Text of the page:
My husband and I conceived a baby a week after our wedding day.
For many women, this is the stuff of dreams. In fact, I was already (and unknowingly) pregnant during our honeymoon, which we postponed in favor of settling first into our new home.
But as a woman who wanted to enjoy her husband for a while before having kids, seeing the positive result of the pregnancy test gave me conflicting emotions. On the one hand, I was happy at the thought of having a child; on the other, I was devastated that I would never get to enjoy being just a wife.
Just when we finally started to warm up to the idea that we would soon have a little one, a second ultrasound had our hearts dropping to the floor: our baby’s heartbeat was slowing down. A third ultrasound confirmed that the heartbeat was completely gone. We lost our child merely weeks after conceiving him or her.
The next couple of months were an emotional rollercoaster as we tried to keep up with what was going on inside me and around us.
I waited as my body accepted the loss of the baby in my womb. While waiting, I had to face countless friends and acquaintances who placed their hands on my tummy and asked me excitedly: May laman na ba? How could I turn to them and answer, “Yes, there’s a dead baby inside my womb right now”?
I chose to deliver my unborn child naturally in the hospital. I labored for 15 hours until I was able to pass the embryo, to the sounds of new babies and nurses congratulating other moms around me. I came home empty-handed, exhausted, and numb.
It took months for me to process this life-altering event and make my peace with it. Here are some of the realizations that helped me along the way.
At the time, it was much easier to let myself get lost in mindless media consumption to avoid dealing with the pain of miscarriage. I just wanted to stay numb to get by. It was a few months after when I opened the door of my own heart and looked inside.
Turning away from pain is a basic survival instinct. But at some point, we need to let ourselves feel. Honor those difficult emotions. Don’t stay numb. Facing our deep wounds is the first step toward healing.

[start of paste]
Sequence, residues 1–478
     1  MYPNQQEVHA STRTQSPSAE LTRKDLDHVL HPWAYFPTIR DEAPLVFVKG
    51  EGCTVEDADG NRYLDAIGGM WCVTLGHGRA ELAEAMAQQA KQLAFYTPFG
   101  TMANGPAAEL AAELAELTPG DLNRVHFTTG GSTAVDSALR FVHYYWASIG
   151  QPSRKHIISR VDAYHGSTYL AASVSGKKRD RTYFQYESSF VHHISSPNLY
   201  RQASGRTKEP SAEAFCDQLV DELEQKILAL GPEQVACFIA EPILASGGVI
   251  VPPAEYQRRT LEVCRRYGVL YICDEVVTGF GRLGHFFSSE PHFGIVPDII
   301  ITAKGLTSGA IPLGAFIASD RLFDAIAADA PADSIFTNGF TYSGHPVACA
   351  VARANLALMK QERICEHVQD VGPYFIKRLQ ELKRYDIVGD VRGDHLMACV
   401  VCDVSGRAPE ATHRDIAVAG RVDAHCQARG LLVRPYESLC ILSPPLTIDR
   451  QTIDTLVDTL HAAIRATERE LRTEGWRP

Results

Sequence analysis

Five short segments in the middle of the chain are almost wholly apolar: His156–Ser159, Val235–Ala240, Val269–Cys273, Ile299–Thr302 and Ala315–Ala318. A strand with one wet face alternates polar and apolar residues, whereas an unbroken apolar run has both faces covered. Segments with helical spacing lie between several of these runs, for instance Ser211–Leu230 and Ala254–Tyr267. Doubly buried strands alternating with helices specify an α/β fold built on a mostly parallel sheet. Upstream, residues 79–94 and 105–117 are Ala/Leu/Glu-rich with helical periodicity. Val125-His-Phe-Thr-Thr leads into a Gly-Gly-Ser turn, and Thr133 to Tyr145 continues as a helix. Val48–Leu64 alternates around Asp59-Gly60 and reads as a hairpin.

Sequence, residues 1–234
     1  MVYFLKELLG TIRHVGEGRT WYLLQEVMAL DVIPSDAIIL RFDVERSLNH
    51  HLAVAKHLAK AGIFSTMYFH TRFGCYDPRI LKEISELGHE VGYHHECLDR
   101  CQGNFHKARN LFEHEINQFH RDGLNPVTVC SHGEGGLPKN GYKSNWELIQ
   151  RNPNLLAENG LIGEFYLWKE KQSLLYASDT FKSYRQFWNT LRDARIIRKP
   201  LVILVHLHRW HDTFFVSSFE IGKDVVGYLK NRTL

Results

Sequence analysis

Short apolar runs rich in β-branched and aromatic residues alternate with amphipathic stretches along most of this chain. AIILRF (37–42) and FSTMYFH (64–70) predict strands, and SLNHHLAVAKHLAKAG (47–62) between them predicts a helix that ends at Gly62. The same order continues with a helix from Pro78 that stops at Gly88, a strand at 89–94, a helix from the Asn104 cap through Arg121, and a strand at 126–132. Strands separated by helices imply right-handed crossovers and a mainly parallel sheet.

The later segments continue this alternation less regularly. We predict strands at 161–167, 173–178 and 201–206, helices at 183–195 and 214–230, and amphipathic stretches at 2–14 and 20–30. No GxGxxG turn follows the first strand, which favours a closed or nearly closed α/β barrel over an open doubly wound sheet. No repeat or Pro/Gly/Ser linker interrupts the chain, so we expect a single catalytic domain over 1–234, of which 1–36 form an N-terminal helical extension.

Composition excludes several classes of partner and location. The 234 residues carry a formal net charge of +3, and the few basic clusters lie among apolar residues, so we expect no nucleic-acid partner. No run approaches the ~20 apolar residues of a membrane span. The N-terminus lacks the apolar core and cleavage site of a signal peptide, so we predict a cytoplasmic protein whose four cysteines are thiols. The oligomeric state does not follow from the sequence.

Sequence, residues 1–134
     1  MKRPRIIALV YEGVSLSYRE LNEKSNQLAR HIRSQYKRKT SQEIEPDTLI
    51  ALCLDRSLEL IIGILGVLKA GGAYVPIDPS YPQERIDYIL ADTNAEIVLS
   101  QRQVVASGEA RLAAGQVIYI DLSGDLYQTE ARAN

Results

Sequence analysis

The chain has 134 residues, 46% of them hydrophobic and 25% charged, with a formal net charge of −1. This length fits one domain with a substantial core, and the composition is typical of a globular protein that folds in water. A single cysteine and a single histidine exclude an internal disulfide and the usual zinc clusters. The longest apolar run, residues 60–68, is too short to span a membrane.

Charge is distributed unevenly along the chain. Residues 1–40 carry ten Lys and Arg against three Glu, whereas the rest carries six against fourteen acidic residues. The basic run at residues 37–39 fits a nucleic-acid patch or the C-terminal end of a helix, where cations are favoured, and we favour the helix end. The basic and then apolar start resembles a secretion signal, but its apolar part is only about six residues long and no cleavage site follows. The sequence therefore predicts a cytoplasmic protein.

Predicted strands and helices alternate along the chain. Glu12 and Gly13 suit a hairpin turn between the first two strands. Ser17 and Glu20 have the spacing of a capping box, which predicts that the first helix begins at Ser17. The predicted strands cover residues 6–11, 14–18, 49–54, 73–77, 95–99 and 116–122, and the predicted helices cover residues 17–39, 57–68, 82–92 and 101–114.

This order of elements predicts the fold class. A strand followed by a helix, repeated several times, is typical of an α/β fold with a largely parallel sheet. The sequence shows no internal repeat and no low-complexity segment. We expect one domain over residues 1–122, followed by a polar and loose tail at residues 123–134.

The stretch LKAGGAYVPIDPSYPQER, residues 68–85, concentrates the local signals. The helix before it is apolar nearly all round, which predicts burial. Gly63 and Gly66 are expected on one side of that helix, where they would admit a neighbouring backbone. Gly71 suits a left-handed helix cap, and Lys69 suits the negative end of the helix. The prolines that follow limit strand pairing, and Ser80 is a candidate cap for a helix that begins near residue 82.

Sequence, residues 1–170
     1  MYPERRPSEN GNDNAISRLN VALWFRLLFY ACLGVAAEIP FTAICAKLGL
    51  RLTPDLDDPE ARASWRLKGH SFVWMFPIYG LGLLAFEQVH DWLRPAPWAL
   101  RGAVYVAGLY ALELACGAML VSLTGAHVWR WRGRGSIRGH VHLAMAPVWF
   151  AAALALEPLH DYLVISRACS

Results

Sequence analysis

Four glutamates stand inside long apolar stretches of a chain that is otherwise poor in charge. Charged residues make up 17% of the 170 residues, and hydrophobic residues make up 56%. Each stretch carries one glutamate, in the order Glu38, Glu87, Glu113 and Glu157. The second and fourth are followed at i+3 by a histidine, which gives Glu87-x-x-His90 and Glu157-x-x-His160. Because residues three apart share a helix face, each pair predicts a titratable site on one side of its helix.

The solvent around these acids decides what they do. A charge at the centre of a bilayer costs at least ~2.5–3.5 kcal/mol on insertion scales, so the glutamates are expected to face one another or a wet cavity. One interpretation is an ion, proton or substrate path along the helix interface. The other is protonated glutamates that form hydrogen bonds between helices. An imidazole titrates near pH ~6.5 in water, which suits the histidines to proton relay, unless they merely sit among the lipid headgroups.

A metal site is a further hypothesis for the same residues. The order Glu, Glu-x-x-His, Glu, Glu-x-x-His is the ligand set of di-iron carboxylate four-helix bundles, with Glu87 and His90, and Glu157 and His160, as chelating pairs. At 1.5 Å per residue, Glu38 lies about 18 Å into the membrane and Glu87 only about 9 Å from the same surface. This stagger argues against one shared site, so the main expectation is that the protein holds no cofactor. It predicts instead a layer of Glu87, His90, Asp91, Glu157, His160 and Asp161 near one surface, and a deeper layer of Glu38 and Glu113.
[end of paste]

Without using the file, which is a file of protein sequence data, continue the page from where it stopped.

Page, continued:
There is no straight path to “recovery.” In fact, there may be no such thing. Pain leaves scars – and when it cuts deep, there will be plenty of bad days in between the good ones, even years after the traumatic event.
A mother’s body will physically move on from a miscarriage eventually, but grief ebbs and flows. It’s normal to feel that ache in unexpected moments. When it does happen, don’t push it aside or deny it.
We tend to shy away from talking about miscarriages as Filipinos. It’s almost taboo, in fact – whether it’s because people just don’t know what to say to a mother who suffered one, or they just don’t want to deal with the discomfort of the topic.
Don’t let this be a reason to minimize or hide away your pain. Let people who genuinely care for you be a safe space for you to feel deeply and heal slowly.
Knowing that our partner is also grieving, we struggle to show them our pain. We don’t want to burden them with our grief, so we turn away, put on as brave a face as we possibly can, and move on with life.
Sharing each other’s pain can be a pathway to healing. Let your partner see the fullness of your grief, and give them the opportunity to love and support you in this season.
But if both of you are stuck in your grief and somehow feel paralyzed by it, don’t hesitate to ask for professional help. Sometimes, we need an outside perspective to help us process our loss.
I felt shame after miscarrying my first child. I hated my body for failing to nourish him or her. I was angry at myself for keeping up appearances, and continuing on with grueling commitments even though I needed to stay at home and rest during the critical season of early pregnancy.
I dreaded every Mother’s Day for the first few years after. Whenever I heard my mom friends being greeted or acknowledged, I felt invisible, and it stung. While no one was outright insensitive or intentionally mean about it, I felt like I wasn’t worthy of being called “mother” – there’s no baby in my arms, so why would I claim that title?
It took another couple of years for me to embrace the truth that miscarriage doesn’t make me any less of a mother. I may not have had the chance to hold a living, breathing baby in my arms, but it doesn’t negate the love I felt for him or her.
I may not have seen what my baby would have been like as an infant, toddler, child, teenager, and even adult – but I mothered him or her the best way I knew how in the brief time we shared in this life.
Grief and hope can co-exist. So can sorrow and joy. Release yourself from the guilt of finding things that make you smile after losing a child. It doesn’t mean you’ve forgotten this difficult period in your life – it just means you’re starting to make peace with it.
If you have walked this road of motherhood too, know that you are seen, known, and valued. Don’t let anyone (even yourself) minimize the loss you’ve experienced.
Even though it’s early, Happy Mother’s Day to you, every day. If they haven’t yet, may healing and hope meet you where you are.